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BBC 6 Music is one of the BBC's digital radio stations, launched on 11 March 2002 and originally codenamed Network Y. It was the first national music radio station to be launched by the BBC in 32 years.
It is only available via digital media: DAB radio, the Internet, various forms of digital television and across northern Europe via the Astra 2D satellite. The station plays "Alternative rock|alternative" genres of music, including |indie, classic rock, punk, jazz, funk and hip hop. It generally provides an alternative to the more mainstream, chart-oriented BBC Radio 1. BBC 6 Music is the sister station of Radio 2.
As one founding premise of the station, many BBC 6 Music shows make significant use of the extensive BBC session and live music archives belonging to the BBC (including the impressive "Peel Sessions" put together by the late John Peel and dating from the late 1960s to his death).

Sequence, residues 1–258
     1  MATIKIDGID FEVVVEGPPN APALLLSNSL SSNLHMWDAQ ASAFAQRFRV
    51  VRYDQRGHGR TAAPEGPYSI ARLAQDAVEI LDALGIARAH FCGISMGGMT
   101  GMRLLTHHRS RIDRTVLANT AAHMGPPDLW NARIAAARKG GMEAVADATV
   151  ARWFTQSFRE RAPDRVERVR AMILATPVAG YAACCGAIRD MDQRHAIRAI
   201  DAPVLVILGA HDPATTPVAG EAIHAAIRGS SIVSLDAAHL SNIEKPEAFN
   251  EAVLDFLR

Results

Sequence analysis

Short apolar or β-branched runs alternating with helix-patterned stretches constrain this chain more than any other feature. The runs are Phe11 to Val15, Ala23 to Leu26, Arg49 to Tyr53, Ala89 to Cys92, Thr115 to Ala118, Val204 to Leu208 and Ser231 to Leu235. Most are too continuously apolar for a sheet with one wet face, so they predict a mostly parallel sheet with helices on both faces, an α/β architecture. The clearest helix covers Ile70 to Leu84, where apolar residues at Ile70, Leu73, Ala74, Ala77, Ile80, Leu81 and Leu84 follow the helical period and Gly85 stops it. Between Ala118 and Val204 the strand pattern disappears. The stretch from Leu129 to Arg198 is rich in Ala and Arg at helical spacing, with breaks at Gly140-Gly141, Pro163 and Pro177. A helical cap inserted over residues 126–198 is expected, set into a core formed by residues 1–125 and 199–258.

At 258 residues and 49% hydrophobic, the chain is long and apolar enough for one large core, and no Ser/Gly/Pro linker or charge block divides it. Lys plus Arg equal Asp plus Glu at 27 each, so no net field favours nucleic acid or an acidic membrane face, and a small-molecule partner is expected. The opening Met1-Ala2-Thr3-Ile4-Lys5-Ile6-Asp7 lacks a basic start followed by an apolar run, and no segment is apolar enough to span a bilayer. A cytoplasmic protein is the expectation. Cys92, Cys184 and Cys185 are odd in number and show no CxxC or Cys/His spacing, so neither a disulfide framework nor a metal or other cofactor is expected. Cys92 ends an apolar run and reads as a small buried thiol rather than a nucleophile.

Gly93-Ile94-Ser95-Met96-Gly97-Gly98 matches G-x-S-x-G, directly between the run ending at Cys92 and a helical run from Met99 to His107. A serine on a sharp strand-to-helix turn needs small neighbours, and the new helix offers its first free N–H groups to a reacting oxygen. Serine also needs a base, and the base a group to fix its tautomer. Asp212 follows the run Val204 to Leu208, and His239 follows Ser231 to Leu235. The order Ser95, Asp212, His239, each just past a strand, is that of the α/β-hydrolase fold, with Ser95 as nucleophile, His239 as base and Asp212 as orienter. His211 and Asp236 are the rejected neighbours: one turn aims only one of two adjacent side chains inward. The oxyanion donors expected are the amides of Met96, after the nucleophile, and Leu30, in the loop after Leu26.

There are also intimate live music in-studio sessions with contemporary artists, somewhat reminiscent of "unplugged sessions", on a number of shows, but especially in the 6 Music "hub" pioneered by the presenter Gideon Coe on his morning show, and also right in the broadcast studio on the Evening Sequence show with Tom Robinson.
Another founding premise is that there is a high level of live, on-air interactivity with the listening audience, both active and passive, making use of the modern technological tools available, such as the World Wide Web, text messaging, emails and the like. Listeners can frequently in vivo decide which upcoming songs will or won't be played on shows.
In the early days the station's presenters were generally regarded as experts in their musical field. Their sophistication and the interactivity afforded to listeners is reflected in the station's slogan, "closer to the music that matters."